Additionally, in step (e), a tooth-shaped structure can be further formed on the carbon nanotube elements protruding from the electrodes by using a tooth-shaped photolithography mask. Accordingly, a tooth-shaped micro-fissure can be formed between the carbon nanotube elements. Referring to FIG. 9, the tooth-shaped structure can prevent the shield effect caused by the adjacent carbon nanotube elements 26 of the first electrode 24 or the second electrode 24′. Thus, the emitting property of the carbon nanotube elements 26 can be enhanced. It is to be understood that the shape of the structure of the carbon nanotube elements is arbitrary and other shapes can be formed by the same method.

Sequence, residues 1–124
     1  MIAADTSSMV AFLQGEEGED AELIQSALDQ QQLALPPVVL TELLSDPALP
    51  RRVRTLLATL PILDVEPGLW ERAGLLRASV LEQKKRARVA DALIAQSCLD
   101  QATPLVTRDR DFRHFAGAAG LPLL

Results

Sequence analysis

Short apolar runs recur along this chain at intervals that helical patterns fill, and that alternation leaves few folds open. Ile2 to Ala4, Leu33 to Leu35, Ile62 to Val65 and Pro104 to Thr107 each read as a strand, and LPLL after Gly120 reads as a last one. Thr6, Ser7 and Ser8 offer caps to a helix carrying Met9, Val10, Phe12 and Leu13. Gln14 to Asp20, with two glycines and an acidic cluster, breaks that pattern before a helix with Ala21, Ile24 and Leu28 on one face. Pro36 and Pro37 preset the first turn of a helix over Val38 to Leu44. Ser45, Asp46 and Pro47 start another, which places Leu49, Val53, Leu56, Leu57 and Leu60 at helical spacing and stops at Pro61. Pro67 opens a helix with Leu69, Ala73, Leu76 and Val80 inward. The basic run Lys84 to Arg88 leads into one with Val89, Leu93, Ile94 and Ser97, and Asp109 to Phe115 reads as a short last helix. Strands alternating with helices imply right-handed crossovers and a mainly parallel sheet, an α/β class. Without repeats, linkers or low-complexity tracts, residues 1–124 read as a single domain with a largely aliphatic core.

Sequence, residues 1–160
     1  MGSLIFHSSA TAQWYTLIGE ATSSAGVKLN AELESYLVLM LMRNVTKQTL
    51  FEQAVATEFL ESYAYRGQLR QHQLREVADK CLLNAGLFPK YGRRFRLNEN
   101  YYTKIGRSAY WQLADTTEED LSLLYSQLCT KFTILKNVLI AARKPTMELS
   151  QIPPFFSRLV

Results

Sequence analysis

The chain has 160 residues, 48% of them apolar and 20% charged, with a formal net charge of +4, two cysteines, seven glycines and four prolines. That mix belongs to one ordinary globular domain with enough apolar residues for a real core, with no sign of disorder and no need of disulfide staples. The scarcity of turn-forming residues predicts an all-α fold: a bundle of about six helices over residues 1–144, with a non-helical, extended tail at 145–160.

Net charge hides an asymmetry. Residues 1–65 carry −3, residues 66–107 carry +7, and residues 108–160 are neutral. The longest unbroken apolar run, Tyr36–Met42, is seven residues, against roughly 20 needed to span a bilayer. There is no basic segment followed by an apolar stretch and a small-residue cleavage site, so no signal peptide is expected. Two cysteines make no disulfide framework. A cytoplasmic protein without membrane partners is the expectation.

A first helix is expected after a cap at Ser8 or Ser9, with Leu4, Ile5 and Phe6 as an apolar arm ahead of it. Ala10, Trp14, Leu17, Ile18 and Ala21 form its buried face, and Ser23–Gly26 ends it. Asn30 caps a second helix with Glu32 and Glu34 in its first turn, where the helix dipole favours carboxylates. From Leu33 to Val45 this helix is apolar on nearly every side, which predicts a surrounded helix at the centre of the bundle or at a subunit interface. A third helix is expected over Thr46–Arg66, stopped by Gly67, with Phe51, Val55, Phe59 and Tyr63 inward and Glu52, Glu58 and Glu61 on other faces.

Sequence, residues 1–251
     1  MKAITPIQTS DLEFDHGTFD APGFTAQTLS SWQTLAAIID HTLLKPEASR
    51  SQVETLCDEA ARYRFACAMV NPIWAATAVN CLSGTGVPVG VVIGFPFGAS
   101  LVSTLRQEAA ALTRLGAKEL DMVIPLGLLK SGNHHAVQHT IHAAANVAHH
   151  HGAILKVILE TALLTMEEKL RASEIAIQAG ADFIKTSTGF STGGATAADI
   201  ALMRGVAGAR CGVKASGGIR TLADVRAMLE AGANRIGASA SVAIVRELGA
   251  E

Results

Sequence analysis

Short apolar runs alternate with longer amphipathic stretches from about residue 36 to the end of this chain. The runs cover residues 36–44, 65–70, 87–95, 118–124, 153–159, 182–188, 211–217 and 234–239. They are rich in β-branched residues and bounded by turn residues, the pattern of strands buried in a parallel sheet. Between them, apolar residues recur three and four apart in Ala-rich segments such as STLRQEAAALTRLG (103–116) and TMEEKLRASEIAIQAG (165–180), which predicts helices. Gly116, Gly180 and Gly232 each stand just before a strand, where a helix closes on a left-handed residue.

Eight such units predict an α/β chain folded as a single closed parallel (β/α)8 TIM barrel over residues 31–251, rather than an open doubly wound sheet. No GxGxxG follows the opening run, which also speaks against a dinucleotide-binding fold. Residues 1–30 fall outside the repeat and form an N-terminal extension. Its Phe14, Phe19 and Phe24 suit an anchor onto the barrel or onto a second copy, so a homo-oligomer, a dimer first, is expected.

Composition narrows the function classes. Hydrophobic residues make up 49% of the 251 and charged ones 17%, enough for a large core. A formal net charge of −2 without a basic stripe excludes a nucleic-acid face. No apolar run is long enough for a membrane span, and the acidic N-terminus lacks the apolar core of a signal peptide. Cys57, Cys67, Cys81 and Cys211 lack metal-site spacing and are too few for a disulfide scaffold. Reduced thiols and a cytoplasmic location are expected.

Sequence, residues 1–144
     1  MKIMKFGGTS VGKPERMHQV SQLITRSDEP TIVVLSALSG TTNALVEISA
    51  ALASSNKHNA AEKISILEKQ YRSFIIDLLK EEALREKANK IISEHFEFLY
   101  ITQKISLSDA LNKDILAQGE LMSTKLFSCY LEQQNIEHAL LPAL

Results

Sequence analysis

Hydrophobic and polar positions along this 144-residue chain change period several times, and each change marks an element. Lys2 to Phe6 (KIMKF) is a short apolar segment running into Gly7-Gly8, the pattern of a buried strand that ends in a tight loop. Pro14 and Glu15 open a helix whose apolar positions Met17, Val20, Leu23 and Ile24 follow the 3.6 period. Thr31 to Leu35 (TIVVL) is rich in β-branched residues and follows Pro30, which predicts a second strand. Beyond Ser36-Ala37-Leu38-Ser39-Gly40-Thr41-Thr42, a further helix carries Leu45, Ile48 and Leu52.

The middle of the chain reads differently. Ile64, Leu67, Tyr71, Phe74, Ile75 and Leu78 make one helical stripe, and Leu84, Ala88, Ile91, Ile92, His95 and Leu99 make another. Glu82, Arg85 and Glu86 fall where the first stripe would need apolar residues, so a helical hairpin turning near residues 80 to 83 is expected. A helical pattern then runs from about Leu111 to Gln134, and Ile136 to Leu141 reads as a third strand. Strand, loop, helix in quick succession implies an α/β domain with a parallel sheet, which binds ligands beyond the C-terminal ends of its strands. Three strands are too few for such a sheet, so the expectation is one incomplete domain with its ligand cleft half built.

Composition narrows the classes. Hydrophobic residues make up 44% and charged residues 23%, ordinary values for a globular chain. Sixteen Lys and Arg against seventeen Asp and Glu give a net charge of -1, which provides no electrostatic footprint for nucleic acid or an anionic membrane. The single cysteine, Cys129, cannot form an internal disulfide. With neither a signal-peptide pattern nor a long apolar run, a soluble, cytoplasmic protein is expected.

A method for fabricating the electron source 30 is similar to the method for fabricating the surface-conduction electron emitter 20 and includes the steps of: (a′) providing a substrate 22; (b′) disposing a plurality of lower layers on the surface of the substrate 22; (c′) disposing a plurality of carbon nanotube elements 26 on the lower layers; (d′) disposing a plurality of upper layers on the lower layers, thereby, sandwiching the carbon nanotube elements; and (e′) forming a plurality of micro-fissures 28 between the carbon nanotube elements 26.

The lower layers are parallel to each other and in the same shape as the upper layers. The carbon nanotube elements 26 are parallel to each other.